I heard that one of my colleagues had recently lost his father. I asked him about it, and he shared this story.
My “step” father who raised me since age of 9 and who served REALLY as my Father/Dad… died on Saturday 10 days ago.
I spent more than 2 months in a California hotel, visiting him this past summer, when he was still happy and walking and living life… tending his vegetable garden, and not taking any chemo.
His cancer was two separate types of terminal lung cancer, one in each lung… so he chose to not do chemo.
My blood father, whom I hadn’t spoken to, by choice – for more than 32 years, died two days later.
I had no idea that he was dying or had cancer also, until about 4 days before.
Strangely, I had been praying for each of them, on alternate days, all day long for about 4 weeks before they died.
So, I was able to reduce my resentment toward my blood father for all the mental cruelty he had put me thru for the 1st half of my life, until age 28, when I mentally “divorced” him.
The praying for him, gave me a sense of compassion and peace, and love for that part of myself represented by him.
I had no idea he needed prayers.
It’s almost as if I “manifested” him coming back into my life, when my uncle made his daughter (my cousin) write to my wife to tell me to call him. My whole family knew I never wanted to speak to him again.
It turns out, he never woke up during those final 4 days, after I called my uncle, but I was able to tell my uncle I forgave his brother, my blood father.
When my step-Dad died Saturday, it was very sad.
When my blood Dad died on Monday, I felt nothing, unless it was relief… but I was glad to have released him and to feel absolutely no resentment.
It’s just weird they would die almost on the same day.
All my life since age 9, I never called my “step”-Dad my Step-Dad. I called him Dad. He Really WAS My Dad, and I loved him dearly.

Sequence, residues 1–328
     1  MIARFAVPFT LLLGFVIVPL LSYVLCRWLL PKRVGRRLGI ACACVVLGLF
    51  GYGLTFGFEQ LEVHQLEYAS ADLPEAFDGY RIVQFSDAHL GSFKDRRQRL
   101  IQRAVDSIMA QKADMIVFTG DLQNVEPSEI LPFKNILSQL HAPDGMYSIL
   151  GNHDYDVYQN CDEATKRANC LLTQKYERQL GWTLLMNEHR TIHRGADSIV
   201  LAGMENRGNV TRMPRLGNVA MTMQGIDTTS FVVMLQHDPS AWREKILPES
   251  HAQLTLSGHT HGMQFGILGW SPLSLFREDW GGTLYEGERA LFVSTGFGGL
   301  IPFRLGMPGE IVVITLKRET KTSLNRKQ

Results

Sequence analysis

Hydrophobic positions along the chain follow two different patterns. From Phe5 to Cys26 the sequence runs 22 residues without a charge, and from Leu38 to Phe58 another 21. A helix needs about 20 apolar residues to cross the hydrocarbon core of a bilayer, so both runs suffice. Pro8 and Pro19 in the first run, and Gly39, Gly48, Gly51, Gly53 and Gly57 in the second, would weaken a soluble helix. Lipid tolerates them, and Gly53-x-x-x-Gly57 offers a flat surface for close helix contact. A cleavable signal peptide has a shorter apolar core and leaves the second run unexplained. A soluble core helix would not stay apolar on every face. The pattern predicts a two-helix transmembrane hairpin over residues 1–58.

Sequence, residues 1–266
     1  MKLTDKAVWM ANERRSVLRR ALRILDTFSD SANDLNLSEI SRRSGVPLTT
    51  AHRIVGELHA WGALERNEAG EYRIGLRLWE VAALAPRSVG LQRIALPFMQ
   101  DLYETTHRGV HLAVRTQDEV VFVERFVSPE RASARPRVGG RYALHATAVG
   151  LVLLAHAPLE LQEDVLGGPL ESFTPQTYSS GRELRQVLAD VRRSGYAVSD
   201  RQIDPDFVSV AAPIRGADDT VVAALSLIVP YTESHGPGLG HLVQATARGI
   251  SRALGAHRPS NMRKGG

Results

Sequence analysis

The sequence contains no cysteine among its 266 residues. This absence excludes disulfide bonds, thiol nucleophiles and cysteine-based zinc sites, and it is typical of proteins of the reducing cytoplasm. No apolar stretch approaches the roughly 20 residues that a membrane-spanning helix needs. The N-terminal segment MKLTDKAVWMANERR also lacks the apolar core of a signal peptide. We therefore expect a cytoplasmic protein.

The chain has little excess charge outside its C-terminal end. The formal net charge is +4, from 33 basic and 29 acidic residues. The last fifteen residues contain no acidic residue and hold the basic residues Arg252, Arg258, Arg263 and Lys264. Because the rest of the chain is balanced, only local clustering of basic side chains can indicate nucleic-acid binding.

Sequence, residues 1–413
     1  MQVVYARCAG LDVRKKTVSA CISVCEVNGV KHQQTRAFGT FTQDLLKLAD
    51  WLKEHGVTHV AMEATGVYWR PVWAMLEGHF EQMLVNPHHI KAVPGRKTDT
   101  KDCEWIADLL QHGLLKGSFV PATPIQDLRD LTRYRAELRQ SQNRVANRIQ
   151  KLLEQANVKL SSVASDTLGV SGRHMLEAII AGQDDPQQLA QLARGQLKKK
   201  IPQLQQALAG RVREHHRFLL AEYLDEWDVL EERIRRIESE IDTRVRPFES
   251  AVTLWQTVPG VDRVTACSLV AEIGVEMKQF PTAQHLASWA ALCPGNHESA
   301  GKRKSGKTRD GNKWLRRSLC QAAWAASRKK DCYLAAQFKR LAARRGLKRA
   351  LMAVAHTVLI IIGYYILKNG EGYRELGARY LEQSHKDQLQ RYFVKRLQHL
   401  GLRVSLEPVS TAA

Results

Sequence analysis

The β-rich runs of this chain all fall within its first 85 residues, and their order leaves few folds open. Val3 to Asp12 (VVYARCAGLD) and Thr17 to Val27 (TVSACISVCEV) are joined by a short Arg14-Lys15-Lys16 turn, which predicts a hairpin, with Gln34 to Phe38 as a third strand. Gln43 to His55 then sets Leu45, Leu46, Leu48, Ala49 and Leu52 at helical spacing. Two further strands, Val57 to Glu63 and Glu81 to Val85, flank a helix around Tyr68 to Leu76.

My real (blood) father, on the other hand, severely crippled my self image for the first 28 years of my life by telling me I was no good, and making it clear that I could NEVER please him, no matter what.
If I had actually gotten the opportunity to tell him I forgave him, he would have said: “What! Forgive me for WHAT?!!”
He was a sad case. An alcoholic all his life.
I’m glad I was able to break the mold on that one, and to transcend him.
I’ve had many father-figures in my life, from Socrates & Jesus, to Shakespeare & Ben Franklin. From Napoleon Hill to my “Step” Dad. From my career role models, to my entrepreneur role models.
I feel really happy that I did that, so when the time came, I actually felt for a day or two…
That I would be able to talk with him, if he ever woke up and could get on the phone.
However, by the time my “step” Dad died, I decided not to give him one last chance to crush me or lash out at me, and instead, I asked my Uncle to tell him I loved him, and that I said Goodbye.
In the end, I was so proud of myself for not giving him that opportunity, but also for not feeling any resentment toward him, only compassion and kindness.
This was only possible due to the 4 weeks of praying. During that 4 weeks, I healed that part of myself, that was “him” inside me.
On the other hand… My “step”-dad, who always always there for me, to the extent he could be working in manufacturing as the sole provider, raised me as the oldest of 7 kids, 5 of which WERE his blood.
What I neglected to say about him at the end, was that I was so gratified to have just pulled up the stakes, and to have spent more than 2 months with him this past summer, when he was happy and healthy, and times were good.
We went to baseball games, county fair, out to lunch & dinner, had family BBQs.
In the end he went very fast, and the way he wanted, surrounded by love, with some of us near, and some of us far, but he KNEW he was loved.
I feel very blessed to have prayed for both of them, at odd moments all thru the days – on alternate days, thru those final 4 weeks.
It’s just strange that both were dying of the same disease, and I didn’t even know it until the very end.
One last thing.
I continue to pray for both of them all day long, whenever I can think of it – from midnight to midnight… in rotation with 2 others.
It goes this way… Pray for –>
1) Blood Father
2) Mother (who died of cancer in 1994)
3) Step Dad
4) My Wife
I switch at midnight, and rotate through again.
These are the four biggest influence on who I am, who I’ve been, and who I’m becoming.
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